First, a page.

The European Commission imposed the penalty after a two-year investigation into BA's sales operations, triggered by complaints from Virgin Atlantic.
The ruling that BA breached competition rules by providing cash incentives to travel agents marks the latest chapter in a series of "dirty tricks" allegations against the airline.
Brussels' decision also fired a warning shot against other European airlines that operate similar schemes with travel agents across the EU.
Richard Branson, Virgin's chairman, hailed the decision as vindication of his long-running claims "that BA have been abusing their dominant position".
BA immediately announced that it would appeal against the ruling, which it branded "wrong in fact and in law". Dale Moss, BA's director for worldwide sales, said: "We are disappointed and there is a sense of puzzlement. Our commission arrangements for travel agents are similar to those run by most major airlines."
Karel Van Miert, acting European commissioner for competition, who imposed the penalty, stopped short of levying the maximum fine of pounds 13m for "serious" breaches of EU rules on abuse of dominant position in the market place.
Brussels said for "at least seven years" travel agents have been offered extra commission payments for either equalling or bettering, the previous year's sales of BA tickets. It added: "This makes the travel agents loyal to BA, discouraging them from selling travel agency services to other airlines, and has created an illegal barrier to airlines that wish to compete against BA."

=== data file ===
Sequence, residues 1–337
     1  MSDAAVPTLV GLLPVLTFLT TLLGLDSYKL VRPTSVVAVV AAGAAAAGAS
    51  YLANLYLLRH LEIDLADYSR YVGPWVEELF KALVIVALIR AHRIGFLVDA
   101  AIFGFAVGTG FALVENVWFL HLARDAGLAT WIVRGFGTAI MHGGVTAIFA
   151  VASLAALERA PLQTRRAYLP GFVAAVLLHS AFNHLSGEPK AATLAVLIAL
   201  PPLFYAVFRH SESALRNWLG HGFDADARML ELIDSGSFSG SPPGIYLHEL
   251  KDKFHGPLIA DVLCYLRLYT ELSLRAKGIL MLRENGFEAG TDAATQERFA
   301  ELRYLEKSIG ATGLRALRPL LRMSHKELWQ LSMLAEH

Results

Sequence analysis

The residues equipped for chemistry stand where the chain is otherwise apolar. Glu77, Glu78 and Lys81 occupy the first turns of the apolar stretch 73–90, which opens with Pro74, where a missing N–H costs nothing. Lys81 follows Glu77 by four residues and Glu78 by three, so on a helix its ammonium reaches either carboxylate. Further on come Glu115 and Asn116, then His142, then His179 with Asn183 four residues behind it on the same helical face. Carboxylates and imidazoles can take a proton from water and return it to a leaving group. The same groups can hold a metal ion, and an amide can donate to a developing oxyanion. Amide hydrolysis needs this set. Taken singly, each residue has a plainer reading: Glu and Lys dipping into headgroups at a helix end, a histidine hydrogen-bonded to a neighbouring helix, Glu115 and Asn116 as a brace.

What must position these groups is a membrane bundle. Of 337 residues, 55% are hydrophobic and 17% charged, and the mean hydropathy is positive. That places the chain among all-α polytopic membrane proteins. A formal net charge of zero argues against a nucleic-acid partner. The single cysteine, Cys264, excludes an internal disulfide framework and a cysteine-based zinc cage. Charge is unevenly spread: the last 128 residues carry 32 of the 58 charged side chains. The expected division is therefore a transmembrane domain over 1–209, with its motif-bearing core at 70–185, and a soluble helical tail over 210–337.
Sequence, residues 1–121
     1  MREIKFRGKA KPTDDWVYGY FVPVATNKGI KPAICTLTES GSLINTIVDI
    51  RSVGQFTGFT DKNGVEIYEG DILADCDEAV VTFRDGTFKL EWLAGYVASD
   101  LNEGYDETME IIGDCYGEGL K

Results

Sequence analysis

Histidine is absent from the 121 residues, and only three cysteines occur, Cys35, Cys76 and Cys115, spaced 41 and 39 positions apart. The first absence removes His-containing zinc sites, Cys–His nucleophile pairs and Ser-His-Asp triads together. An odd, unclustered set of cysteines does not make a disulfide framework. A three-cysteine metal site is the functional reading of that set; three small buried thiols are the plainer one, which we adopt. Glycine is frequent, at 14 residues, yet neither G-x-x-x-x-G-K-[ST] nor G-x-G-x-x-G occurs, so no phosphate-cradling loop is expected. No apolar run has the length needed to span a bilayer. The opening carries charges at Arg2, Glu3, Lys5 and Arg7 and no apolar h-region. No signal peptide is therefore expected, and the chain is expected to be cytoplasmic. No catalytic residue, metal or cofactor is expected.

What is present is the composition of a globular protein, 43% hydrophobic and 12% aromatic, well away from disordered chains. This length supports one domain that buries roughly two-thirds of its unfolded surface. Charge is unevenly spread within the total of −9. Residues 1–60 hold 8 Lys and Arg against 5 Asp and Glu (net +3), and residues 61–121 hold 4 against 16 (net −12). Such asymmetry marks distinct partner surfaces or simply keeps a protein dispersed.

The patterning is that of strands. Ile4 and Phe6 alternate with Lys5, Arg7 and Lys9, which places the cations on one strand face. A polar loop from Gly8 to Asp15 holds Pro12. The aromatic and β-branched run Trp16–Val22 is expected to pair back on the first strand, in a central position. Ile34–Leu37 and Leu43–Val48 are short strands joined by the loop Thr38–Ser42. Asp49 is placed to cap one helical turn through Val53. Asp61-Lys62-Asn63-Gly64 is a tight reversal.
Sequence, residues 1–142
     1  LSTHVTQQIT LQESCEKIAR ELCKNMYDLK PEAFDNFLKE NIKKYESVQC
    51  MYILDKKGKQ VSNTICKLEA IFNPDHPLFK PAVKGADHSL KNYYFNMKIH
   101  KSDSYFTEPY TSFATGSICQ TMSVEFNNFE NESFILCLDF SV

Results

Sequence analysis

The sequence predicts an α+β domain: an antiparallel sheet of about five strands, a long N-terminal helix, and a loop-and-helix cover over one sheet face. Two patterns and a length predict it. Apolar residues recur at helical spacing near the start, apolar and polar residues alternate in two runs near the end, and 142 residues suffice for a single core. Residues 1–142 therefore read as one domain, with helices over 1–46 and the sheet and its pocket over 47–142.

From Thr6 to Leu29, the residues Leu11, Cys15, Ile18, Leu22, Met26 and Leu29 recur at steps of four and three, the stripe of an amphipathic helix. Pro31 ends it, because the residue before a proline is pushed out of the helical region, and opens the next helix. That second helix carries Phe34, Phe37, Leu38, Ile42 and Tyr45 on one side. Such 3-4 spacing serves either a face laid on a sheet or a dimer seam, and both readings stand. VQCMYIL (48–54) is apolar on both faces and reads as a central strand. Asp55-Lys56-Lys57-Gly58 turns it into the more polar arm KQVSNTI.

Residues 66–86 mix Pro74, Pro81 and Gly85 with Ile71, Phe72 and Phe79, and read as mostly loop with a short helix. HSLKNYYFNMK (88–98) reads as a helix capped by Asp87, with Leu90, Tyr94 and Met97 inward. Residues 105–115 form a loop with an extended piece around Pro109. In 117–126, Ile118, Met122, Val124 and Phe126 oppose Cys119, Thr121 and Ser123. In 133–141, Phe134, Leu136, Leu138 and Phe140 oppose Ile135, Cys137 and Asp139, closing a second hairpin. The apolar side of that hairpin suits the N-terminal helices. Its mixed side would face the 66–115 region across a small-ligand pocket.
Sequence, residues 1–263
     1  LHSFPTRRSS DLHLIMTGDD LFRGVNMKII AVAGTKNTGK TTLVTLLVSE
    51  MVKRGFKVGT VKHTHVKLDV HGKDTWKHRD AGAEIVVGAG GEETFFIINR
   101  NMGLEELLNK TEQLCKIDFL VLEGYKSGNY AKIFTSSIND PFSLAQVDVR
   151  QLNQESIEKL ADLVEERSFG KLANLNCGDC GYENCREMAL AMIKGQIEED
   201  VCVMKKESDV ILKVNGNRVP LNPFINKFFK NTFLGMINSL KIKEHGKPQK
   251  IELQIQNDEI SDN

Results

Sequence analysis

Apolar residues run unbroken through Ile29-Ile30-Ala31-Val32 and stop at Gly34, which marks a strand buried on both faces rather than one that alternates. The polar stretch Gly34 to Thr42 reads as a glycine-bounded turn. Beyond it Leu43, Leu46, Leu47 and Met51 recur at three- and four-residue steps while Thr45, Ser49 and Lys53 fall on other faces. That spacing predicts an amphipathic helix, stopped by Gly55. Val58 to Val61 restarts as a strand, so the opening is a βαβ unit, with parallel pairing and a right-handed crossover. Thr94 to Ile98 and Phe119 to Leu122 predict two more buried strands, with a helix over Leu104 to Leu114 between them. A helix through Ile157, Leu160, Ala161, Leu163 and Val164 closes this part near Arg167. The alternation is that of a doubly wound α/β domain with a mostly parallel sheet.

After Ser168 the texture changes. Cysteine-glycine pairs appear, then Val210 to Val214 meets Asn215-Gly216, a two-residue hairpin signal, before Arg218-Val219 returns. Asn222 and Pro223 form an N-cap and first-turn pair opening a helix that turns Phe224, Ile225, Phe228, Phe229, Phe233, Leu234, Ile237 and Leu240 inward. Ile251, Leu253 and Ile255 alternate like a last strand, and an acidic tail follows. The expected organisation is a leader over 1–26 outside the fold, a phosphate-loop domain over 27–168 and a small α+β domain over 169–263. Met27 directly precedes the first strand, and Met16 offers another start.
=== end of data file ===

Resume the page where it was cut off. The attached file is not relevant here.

BA's practices prevented UK air travellers from benefiting fully from the effects of EU efforts to liberalise air transport in Europe, Brussels said.
Outlining a new set of principles to govern payments to travel agents, Brussels said a company like BA should only offer supplementary commissions if they reflected extra services to the airline provided by the agent.
Although Brussels has taken similar steps in other sectors, yesterday's decision was the first of its kind in the service industry. Brussels sent two legal warnings to BA, the second one in 1998, insisting the scheme was illegal, as EU law prohibits the use of restrictive contracts to reinforce a dominant market position. BA's response to the first warning was to introduce a new "performance rewards scheme" - which triggered a second complaint from Virgin.
When it initially argued that it had been unfairly singled out,Brussels told BA that it was the only airline against which a direct complaint had been made. Since then BA has filed its own complaints against eight European airlines on similar grounds.
Mr Branson said: "The travel trade will now be free to give independent impartial advice to travellers and offer the best deals on each route without having to meet the pressures of BA's anti-competitive sales targets."Reuse content